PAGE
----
President Grant and the Yellowstone National Park Protection Act

Watercolor painting of a large stone canyon with trees and a waterfall in the background.
Artist Thomas Moran created several famous paintings of Yellowstone during his visit with the Hayden Expedition in 1871. This painting is entitled "Grand Canyon of the Yellowstone."

Wikimedia Commons

On March 1, 1872, President Ulysses S. Grant signed the Yellowstone National Park Protection Act into law. This significant act established the concept of a “National Park.” As stated in the original legislation, the Yellowstone area in present-day Wyoming and Montana would be “reserved and withdrawn from settlement, occupancy, or sale under the laws of the United States.” Rather than developing the area for private industry or home construction, Yellowstone would be set aside as a “public park or pleasuring-ground for the benefit and enjoyment of the people.” Since the passage of the Yellowstone National Park Protection Act, the Department of the Interior and the National Park Service have worked to preserve more than 420 different sites around the United States that have been deemed as nationally significant for their natural and cultural qualities.

Ulysses S. Grant never visited Yellowstone. He wasn’t a vocal advocate for conservation, nor did he offer any comments about the Yellowstone National Park Protection Act after signing it into law. However, Grant’s experiences with the U.S. Army allowed him the chance to see more of the American West than most people at that time. During the 1850s, Grant was stationed at Columbia Barracks (now Fort Vancouver) in Washington Territory and at Fort Humboldt in northern California. In July 1868, General Grant accompanied Generals William T. Sherman and Philip Sheridan for a two-week tour that included stops in Nebraska, Dakota Territory, and Colorado. His sons Frederick and Ulysses, Jr. (“Buck”) also joined the trip. In two letters to his wife Julia, Grant discussed how “Sherman, Sheridan, Fred [,] Buck & myself each carry with us a Spencer Carbine and hope to shoot a Buffalo and Elk before we return,” and that they were anxious to see gold mines within the Rocky Mountains. Grant also expressed interest in seeing “wild horses, Buffalo, wolf, & antelope” during the trip. These experiences may have influenced Grant’s decision to sign the Yellowstone legislation into law four years later.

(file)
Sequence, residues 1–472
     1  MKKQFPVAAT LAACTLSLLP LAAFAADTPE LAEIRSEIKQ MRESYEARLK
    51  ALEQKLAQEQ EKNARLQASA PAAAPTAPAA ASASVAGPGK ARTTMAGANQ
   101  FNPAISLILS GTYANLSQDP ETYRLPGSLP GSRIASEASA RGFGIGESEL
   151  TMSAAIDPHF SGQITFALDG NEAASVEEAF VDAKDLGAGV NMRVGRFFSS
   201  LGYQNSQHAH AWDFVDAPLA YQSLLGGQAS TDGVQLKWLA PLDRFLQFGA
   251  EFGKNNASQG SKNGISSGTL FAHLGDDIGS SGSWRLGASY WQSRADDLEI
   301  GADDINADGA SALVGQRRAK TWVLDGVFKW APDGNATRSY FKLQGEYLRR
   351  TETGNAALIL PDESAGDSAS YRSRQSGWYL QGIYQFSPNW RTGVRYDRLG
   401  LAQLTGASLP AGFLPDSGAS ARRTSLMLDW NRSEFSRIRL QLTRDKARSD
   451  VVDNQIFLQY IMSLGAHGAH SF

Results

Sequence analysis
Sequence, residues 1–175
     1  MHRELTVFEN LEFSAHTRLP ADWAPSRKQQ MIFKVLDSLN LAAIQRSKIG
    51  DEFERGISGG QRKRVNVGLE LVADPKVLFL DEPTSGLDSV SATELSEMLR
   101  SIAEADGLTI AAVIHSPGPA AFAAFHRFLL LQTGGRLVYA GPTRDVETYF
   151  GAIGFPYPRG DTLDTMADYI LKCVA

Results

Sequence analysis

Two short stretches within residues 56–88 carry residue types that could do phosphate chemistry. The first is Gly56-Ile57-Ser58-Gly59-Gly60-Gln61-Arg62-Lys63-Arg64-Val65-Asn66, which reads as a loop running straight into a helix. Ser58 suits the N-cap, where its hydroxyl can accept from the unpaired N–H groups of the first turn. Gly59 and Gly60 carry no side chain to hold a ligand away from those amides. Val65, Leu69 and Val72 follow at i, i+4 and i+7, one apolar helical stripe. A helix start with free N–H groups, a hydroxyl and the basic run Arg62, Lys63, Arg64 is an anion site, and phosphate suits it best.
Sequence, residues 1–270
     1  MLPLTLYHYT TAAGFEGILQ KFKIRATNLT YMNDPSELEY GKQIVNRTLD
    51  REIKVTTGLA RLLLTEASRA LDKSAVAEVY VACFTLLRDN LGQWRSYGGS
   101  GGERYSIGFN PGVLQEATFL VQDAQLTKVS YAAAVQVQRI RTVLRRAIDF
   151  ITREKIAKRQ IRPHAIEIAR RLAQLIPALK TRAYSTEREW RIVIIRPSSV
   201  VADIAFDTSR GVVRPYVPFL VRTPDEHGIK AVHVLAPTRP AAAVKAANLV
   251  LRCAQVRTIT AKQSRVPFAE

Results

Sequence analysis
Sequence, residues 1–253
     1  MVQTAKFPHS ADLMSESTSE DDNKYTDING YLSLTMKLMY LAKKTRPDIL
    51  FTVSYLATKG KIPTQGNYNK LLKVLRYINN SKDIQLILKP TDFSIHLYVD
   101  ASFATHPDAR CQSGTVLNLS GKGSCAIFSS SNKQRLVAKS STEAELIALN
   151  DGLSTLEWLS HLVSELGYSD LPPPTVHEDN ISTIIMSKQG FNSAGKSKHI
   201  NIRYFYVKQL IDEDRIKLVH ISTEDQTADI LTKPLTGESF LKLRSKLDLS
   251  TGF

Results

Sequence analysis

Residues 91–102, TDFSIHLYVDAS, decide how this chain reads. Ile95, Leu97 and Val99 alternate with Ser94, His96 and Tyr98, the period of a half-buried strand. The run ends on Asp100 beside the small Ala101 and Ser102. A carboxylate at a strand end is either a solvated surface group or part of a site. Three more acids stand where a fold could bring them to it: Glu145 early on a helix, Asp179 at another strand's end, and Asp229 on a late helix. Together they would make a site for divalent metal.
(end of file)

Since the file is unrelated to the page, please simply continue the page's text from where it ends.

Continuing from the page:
Bearded man wearing black and white suit
President Ulysses S. Grant signed the Yellowstone National Park Protection Act into law on March 1, 1872.

Library of Congress

While some Westerners expressed concern about the need to protect natural and cultural resources in their region, historian Richard Sellers argues that Congress was more interested in extracting resources and promoting tourism to the West than in promoting conservation. Businessman Jay Cooke was particularly interested in this effort. As the owner of the Northern Pacific Railroad Company, he hoped to extend its lines from Dakota Territory into Montana Territory, including the area that now encompasses Yellowstone. These efforts would bring jobs, industry, and tourists to the area. By closing off Yellowstone to settlement through law, Cooke aimed to grab a significant portion of the profits that could come from developing the tourism industry.